Michael Pachter, a financial analyst for the video games industry who we’ve written about many, many times in the past has some new predictions and recently revealed his thoughts on the next generation of consoles through to the year 2016.
Pachter recently sent the email you can see quoted below to various investors and other people who like to know about these matters, but the gist of it is as follows:
- 37.7 million PS4 consoles will be sold by the middle of 2016.
- 29 million Xbox One consoles will be sold by the same time.
- The Wii U will do fairly poorly with sales of under 20 million by that date too.
- The PS4 will drop to $299.99 by the year 2016.
- The Xbox One will be $349.99 by the middle of 2016.
- Brand new games will still cost $59.99 in 2016.
We expect Sony’s and Microsoft’s new consoles to thrive over the next three years, with cumulative worldwide sales of 37.7 million PS4 and 29 million Xbox One consoles by year-end 2016. We do not expect Nintendo’s Wii U to fare as well, with cumulative sales of under 20 million by 2016.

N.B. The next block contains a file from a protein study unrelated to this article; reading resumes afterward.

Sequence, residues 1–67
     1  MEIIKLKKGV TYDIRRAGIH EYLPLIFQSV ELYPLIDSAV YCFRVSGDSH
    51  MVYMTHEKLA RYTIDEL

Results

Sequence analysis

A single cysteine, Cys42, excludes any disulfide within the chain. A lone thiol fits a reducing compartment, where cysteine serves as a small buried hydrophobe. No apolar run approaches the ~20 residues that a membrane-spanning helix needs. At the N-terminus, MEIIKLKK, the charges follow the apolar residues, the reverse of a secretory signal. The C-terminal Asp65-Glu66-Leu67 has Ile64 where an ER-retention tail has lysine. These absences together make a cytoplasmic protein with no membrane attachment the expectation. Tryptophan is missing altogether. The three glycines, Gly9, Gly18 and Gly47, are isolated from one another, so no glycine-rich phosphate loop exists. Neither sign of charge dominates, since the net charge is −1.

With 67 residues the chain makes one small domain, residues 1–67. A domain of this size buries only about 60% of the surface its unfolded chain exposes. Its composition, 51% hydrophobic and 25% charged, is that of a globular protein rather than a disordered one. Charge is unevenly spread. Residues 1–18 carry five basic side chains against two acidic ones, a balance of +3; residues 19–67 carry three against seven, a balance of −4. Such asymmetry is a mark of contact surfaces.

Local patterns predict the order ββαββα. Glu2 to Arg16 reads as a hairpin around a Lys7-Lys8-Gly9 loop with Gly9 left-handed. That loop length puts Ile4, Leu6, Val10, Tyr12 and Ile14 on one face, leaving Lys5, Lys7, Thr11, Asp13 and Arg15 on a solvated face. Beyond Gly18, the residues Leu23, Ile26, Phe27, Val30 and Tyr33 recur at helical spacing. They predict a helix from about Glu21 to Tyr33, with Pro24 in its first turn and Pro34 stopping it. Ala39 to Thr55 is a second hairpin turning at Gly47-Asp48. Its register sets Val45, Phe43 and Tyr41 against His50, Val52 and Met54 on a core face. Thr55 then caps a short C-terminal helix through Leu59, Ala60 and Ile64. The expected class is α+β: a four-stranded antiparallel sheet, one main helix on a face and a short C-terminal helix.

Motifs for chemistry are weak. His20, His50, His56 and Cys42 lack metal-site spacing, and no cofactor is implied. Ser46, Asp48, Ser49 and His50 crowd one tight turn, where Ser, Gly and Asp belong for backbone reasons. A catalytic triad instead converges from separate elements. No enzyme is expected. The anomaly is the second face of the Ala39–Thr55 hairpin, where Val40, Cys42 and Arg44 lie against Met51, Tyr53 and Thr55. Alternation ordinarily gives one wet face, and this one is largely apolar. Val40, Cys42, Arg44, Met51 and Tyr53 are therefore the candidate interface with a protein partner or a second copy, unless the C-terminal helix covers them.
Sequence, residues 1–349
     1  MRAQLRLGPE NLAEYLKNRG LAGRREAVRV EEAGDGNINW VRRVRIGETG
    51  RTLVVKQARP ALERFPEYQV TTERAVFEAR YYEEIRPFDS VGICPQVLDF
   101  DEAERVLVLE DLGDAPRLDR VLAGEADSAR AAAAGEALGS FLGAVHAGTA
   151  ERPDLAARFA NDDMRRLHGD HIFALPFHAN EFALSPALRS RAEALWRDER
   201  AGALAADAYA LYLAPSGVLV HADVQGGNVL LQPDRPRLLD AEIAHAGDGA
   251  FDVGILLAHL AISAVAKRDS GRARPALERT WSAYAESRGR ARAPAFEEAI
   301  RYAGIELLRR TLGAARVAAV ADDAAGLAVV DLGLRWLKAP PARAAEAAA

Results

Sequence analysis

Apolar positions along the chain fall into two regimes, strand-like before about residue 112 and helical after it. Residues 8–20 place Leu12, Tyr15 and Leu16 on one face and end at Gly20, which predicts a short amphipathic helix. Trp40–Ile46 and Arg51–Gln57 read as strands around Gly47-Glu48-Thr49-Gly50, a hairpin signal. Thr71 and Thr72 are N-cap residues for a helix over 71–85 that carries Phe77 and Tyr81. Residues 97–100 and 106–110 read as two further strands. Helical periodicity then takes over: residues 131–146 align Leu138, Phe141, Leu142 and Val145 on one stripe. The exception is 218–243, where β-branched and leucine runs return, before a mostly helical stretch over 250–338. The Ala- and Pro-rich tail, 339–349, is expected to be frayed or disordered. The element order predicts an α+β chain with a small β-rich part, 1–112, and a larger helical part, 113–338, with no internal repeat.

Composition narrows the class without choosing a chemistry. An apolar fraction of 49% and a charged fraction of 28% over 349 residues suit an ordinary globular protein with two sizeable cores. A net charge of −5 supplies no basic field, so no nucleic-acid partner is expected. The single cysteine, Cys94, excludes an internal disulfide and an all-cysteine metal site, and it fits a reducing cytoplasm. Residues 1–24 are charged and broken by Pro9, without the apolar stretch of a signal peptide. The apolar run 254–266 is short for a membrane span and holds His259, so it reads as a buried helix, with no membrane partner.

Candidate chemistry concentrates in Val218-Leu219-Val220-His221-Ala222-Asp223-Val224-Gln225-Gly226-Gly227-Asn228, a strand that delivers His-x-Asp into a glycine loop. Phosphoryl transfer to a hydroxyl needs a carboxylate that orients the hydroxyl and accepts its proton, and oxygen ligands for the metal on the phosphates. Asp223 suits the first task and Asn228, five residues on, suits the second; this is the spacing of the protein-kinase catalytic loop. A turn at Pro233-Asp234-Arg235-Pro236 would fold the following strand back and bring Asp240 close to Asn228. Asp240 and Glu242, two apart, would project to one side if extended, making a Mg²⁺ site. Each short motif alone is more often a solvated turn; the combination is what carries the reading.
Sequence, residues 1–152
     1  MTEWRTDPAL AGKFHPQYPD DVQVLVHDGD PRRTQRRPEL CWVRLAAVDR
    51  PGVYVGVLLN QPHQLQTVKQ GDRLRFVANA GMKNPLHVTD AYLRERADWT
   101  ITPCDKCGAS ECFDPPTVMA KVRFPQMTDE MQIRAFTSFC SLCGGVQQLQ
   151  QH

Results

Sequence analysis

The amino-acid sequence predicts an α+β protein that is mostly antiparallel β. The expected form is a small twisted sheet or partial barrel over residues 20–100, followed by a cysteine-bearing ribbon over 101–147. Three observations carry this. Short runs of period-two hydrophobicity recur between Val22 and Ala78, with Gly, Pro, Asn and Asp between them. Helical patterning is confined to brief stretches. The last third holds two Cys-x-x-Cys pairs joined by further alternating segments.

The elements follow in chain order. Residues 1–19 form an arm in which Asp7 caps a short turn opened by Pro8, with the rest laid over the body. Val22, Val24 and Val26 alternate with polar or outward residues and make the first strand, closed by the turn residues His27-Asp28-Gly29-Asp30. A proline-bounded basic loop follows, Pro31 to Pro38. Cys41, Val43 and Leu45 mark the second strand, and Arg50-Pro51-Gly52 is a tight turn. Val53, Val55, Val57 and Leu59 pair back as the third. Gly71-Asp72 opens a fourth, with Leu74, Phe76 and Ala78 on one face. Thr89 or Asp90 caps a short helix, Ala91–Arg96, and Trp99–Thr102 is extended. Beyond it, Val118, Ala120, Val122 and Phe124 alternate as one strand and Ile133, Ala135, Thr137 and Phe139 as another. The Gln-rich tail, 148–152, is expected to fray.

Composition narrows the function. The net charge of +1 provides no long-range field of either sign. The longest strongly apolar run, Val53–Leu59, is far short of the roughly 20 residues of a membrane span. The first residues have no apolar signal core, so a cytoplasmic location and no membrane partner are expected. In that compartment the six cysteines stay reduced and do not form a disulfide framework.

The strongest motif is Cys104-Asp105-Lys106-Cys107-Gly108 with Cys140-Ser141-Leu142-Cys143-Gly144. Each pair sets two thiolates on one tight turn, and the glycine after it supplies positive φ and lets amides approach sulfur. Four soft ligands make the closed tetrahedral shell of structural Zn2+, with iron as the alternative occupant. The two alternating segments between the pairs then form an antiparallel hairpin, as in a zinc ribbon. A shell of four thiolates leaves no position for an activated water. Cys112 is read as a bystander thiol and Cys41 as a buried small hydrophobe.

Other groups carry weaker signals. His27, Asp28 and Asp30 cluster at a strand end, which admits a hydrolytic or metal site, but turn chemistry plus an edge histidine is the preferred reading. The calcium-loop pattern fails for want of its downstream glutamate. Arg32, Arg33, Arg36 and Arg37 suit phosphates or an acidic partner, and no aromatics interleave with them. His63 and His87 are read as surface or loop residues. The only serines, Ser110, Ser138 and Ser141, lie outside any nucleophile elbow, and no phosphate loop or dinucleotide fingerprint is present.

We expect a modest reversion to more normal software attach rates or “tie ratios,” with software sales of approximately 3 units annually over the next three years for each Xbox One and PS4 sold, and with tie ratios of just over 2 units for the Wii U and just under 1 unit for the 3DS. We think that Nintendo consoles are more susceptible to competition from mobile and tablet games, as we believe that a disproportionately high percentage of Nintendo customers play more casual games, and are therefore more likely to view mobile and tablet games as close substitutes to software developed for Nintendo’s platforms.
Software sales for the next-generation consoles are expected to grow to $12.2 billion by 2016. In contrast to the last cycle, we expect software sales for PS4 ($5.9 billion) and Xbox One ($4.9 billion) to dominate, with Wii U software capturing market share of only 11 percent. We expect overall software sales growth (including PC) in the U.S. and Europe combined (the addressable market for the publishers we cover) of 10 percent in 2014, 7 percent in 2015, and 6 percent in 2016.